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  1. Thought Experiments in Current Metaphilosophical Debates.Daniel Cohnitz & Sören Häggqvist - 2018 - In Michael T. Stuart, Yiftach J. H. Fehige & James Robert Brown (eds.), The Routledge Companion to Thought Experiments. New York, USA: Routledge. pp. 406-424.
    Although thought experiments were first discovered as a sui generis methodological tool by philosophers of science (most prominently by Ernst Mach), the tool can also be found – even more frequently – in contemporary philosophy. Thought experiments in philosophy and science have a lot in common. However, in this chapter we will concentrate on thought experiments in philosophy only. Their use has been the centre of attention of metaphilosophical discussion in the past decade, and this chapter will provide an overview (...)
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  • Experimentos Mentales y Filosofías de Sillón.Rodrigo González (ed.) - 2017 - Santiago, Chile: Bravo y Allende.
    Los experimentos mentales son dispositivos epistémicos de la imaginación, o de análisis de problemas filosóficos, que recorren las fronteras de aquella, desde el sillón. Dichas fronteras tocan dilemas perennes de la filosofía: cuestiones de la metafísica, como el tiempo, el espacio y la realidad, el problema de la libertad y el determinismo, la naturaleza de la mente, la identidad personal, los argumentos acerca del significado, las posibilidades, fuentes y condiciones del conocimiento, las relaciones entre discurso y lógica, la ética, cuestiones (...)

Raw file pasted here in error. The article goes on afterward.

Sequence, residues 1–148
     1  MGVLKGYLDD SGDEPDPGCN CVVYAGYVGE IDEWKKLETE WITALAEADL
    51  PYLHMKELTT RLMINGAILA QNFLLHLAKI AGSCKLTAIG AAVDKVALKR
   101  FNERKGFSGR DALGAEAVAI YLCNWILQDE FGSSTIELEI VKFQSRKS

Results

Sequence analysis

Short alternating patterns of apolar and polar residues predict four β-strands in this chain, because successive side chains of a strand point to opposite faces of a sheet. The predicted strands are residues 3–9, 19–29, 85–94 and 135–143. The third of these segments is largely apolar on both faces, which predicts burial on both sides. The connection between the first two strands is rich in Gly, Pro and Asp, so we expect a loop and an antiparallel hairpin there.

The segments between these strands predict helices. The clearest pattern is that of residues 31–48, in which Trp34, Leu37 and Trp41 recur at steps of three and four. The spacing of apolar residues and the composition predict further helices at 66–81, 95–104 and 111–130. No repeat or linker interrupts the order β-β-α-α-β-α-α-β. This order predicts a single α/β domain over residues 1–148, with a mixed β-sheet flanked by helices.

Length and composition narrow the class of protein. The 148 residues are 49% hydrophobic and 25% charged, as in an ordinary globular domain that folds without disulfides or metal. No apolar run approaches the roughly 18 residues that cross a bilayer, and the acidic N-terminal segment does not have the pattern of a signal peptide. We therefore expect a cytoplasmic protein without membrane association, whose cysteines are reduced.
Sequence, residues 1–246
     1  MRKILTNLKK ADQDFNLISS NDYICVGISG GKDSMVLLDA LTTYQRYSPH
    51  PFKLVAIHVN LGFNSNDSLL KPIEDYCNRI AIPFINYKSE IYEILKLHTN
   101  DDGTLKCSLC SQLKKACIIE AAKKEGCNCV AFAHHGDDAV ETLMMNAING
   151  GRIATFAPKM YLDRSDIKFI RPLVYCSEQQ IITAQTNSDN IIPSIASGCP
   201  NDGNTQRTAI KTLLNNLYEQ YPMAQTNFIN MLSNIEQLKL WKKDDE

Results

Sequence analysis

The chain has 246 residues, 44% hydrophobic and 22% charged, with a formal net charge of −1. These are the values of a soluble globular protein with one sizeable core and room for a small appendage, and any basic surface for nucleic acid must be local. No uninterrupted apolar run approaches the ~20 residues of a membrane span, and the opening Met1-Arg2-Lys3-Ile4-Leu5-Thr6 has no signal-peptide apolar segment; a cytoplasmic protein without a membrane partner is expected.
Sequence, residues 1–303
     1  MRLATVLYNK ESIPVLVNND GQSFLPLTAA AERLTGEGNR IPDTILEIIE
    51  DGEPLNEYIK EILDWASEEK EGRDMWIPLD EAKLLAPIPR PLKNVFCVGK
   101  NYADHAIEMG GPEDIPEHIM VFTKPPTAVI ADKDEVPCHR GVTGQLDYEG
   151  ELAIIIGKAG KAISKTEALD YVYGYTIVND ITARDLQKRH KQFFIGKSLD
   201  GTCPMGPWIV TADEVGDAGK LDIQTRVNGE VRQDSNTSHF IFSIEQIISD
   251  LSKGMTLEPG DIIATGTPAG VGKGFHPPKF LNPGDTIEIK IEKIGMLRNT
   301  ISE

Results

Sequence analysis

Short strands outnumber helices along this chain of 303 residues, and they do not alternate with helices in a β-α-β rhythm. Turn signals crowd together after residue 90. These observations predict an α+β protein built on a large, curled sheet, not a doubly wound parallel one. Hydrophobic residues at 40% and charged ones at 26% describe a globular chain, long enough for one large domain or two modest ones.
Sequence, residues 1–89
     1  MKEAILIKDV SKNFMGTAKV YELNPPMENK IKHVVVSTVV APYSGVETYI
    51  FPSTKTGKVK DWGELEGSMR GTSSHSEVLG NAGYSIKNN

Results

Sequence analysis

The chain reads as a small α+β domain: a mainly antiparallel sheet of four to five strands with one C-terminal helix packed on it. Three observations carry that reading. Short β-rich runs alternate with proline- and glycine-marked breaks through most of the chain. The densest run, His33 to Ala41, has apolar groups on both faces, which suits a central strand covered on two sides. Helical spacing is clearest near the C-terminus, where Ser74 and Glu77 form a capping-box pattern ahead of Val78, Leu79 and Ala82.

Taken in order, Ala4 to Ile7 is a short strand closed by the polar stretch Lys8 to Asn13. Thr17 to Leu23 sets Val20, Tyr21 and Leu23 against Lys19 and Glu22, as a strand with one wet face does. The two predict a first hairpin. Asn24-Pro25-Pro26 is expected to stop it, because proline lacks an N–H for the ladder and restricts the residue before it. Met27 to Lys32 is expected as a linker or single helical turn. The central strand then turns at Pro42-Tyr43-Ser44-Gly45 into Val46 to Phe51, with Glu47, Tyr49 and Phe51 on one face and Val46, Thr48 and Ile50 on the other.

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  • What is Estonian Philosophy?Margit Sutrop - 2015 - Studia Philosophica Estonica 8 (2):4-64.
    What is Estonian Philosophy? What is Estonian Philosophy?
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  • Thought Experiments in Ethics.Georg Brun - 2017 - In Michael T. Stuart, Yiftach J. H. Fehige & James Robert Brown (eds.), The Routledge Companion to Thought Experiments. Abingdon/New York: Routledge. pp. 195–210.
    This chapter suggests a scheme of reconstruction, which explains how scenarios, questions and arguments figure in thought experiments. It then develops a typology of ethical thought experiments according to their function, which can be epistemic, illustrative, rhetorical, heuristic or theory-internal. Epistemic functions of supporting or refuting ethical claims rely on metaethical assumptions, for example, an epistemological background of reflective equilibrium. In this context, thought experiments may involve intuitive as well as explicitly argued judgements; they can be used to generate moral (...)
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